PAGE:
The Iran-Israel conflict has its own identity that goes beyond the geopolitical considerations of the Middle East. The Iran-Israel dispute is more ideological; that is, this confrontation has nothing to do with the national interests of the two countries or the will of public opinion. Israel and Iran were the only Middle Eastern countries to support and celebrate Saddam’s overthrow – Iran even more so than Israel.
U.S. foreign policy in this part of the Middle East seems to have two main goals: to ensure Israel’s security, and to control the flow of oil while continuing to export it to international markets from the Gulf region. In terms of achieving the desired goals, the most outstanding U.S. foreign policy priorities are confronting the threats that face Israel’s security, protecting the political positions of the Gulf countries, and preventing the Islamic Republic of Iran from influencing the political tensions in the region.
In approximately the last fifty years, Iran has been confronting Israel on the war it is waging against the Palestinians. In 2013, Khamenei threatened to demolish Israel by saying, “We will raze Tel Aviv and Haifa.” Iran’s ability to move and establish proxies, miles away from its border is considered a successful endeavor.
In September 2019, the Islamic Revolutionary Guard Corps (IRGC) deputy commander of operations made a warning, stating that any attempt to wage war in the region would turn against the ones who started it. He threatened Israel that if it took the wrong step, it would have to face serious consequences to the extent that it would have to “collect bits and pieces of Tel Aviv from the lower depths of the Mediterranean Sea.”
On the other hand, Israeli Prime Minister Netanyahu in a speech in July 2019, with an F-35 warplane in the background, stated that Israel was being threatened by Iran. He continued to say that Iran should not forget that the planes behind him could reach every corner in the Middle East, including Iran and Syria.
Energy supply and transit security
The role of energy diplomacy in the foreign policy of China, Russia, and the United States towards the Middle East is becoming more prominent. In recent months, attacks on tankers in the Strait of Hormuz have pushed the issue of energy security to the headlines of the world media. Citing the opening of a new front between Iran and Israel, quoting U.S. and regional officials, the Wall Street Journal reported that since late in the winter of 2019, Israel had targeted at least 12 ships bound for Syria, most of them carrying Iranian oil. According to the report, U.S. officials said that in some of these naval attacks, Israel had also targeted arms sent by the Islamic Republic of Iran to the region.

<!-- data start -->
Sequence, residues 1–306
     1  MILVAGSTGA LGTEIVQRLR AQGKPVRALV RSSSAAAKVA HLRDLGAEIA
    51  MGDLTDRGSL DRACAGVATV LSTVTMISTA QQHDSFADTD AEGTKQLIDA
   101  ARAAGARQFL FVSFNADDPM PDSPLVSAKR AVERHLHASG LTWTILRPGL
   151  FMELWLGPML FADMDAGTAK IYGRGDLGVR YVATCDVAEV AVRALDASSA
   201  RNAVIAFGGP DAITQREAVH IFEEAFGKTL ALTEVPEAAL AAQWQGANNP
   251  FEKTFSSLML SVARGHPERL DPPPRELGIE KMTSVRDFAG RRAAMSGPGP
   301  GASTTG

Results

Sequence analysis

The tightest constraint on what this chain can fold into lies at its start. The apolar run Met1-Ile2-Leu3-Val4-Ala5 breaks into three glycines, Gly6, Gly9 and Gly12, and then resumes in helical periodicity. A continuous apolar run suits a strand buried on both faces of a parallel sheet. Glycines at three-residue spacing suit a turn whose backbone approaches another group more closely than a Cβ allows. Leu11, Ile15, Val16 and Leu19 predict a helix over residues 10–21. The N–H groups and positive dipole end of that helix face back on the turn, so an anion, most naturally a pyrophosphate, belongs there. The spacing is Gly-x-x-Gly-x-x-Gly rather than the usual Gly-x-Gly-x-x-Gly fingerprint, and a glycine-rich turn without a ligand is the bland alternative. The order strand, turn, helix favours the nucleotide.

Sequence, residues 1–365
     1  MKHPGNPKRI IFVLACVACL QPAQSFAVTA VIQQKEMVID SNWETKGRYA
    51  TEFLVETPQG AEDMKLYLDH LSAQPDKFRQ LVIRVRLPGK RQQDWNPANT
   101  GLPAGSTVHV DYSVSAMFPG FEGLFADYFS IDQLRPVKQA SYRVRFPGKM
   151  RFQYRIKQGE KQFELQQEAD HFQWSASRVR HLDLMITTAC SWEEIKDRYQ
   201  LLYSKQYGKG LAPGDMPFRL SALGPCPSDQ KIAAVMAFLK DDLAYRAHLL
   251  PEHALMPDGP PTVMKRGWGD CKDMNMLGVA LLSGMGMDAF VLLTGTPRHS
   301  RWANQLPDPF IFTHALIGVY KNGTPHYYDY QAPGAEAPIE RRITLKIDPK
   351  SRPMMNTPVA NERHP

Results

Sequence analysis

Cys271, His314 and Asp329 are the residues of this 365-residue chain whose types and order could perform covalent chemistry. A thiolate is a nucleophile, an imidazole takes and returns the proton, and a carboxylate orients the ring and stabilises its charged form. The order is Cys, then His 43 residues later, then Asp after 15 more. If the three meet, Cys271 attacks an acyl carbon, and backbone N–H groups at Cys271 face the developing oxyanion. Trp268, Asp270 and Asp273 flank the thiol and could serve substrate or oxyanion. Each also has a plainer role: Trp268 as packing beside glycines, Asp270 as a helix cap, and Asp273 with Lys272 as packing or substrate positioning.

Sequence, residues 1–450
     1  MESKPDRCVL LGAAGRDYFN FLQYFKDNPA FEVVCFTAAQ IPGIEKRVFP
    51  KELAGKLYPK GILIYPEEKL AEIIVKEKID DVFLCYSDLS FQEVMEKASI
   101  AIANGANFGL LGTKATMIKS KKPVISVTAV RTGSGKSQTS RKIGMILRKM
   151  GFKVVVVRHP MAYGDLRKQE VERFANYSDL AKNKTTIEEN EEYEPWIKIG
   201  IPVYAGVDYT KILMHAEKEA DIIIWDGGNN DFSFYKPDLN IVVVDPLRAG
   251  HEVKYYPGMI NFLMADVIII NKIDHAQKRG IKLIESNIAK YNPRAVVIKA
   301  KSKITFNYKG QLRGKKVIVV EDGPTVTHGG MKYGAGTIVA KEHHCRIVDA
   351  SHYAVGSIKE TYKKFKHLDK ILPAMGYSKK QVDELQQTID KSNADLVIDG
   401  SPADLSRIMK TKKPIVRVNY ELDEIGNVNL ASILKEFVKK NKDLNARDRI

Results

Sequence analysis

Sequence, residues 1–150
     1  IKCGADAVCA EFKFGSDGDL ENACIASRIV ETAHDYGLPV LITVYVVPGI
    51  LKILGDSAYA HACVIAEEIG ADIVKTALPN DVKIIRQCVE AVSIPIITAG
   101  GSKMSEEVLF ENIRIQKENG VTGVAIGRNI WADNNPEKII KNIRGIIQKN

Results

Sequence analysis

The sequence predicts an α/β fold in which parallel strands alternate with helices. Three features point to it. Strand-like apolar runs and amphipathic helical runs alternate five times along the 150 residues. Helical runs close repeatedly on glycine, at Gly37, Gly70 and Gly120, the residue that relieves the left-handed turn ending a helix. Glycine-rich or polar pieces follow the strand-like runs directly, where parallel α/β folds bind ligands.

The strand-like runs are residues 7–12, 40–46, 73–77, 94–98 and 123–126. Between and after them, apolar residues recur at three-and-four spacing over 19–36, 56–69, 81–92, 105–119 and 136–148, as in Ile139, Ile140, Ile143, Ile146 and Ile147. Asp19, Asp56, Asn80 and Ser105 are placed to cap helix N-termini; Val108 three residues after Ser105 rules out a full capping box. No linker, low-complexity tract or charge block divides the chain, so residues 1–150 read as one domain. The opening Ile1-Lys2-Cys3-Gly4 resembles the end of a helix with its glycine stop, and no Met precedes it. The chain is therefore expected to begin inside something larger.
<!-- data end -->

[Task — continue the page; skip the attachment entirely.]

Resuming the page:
The Israeli military generally refused to deny or confirm any links to such overseas operations, including the numerous attacks on Iranian-owned bases in Syria.
Iranian officials have previously reported several of these attacks and attributed them to Israel. According to the newspaper report, six of these attacks took place in 2020. The report noted that no Iranian ships were sunk because of the attacks, some of which were carried out by limpet mines, but that the blasts forced at least two ships to return to Iranian ports, delaying the delivery of fuel to Syria.
Israeli media reported that the attack on an Iranian ship in the Red Sea coincided with the resumption of talks on reviving the 2015 nuclear deal with Iran, raising concerns about a wider conflict between the two sides. On April 7, 2021 Iranian officials confirmed that an explosion took place on one of their ships off the coast of Djibouti and added that the cause of the explosion was under investigation. No one was killed or injured in the blast, they said.
The Israeli government and military sources did not comment on the incident. The Israeli military generally refused to deny or confirm any links to such overseas operations, including the numerous attacks on Iranian-owned bases in Syria. Analysts say the move could escalate tensions between the Israeli and Iranian navies.
Israeli Prime Minister Benjamin Netanyahu and Defense Minister Benny Gantz warned Iranian proxy groups on August 11, 2020 that they would pay a heavy price if they did not stop firing balloons containing explosives and incendiary devices. He said “95% of these threats come from Iran,” including from proxy groups in Lebanon and Gaza, and that Iran “also threatens Israel with nuclear weapons and ballistic missiles.”
Gantz also warned that if the balloons were not stopped, Israel would react with “power.” According to the Israeli newspaper The Jerusalem Post, in recent days there have been reports of dozens of fires in Israel due to the launch of balloons containing explosives and incendiary devices from Gaza. In addition, on his Persian Twitter account, Netanyahu wrote, “The Iranian regime is threatening us with nuclear weapons, precision-guided missiles and inaccurate rockets by its proxy forces in Lebanon, Gaza and elsewhere.”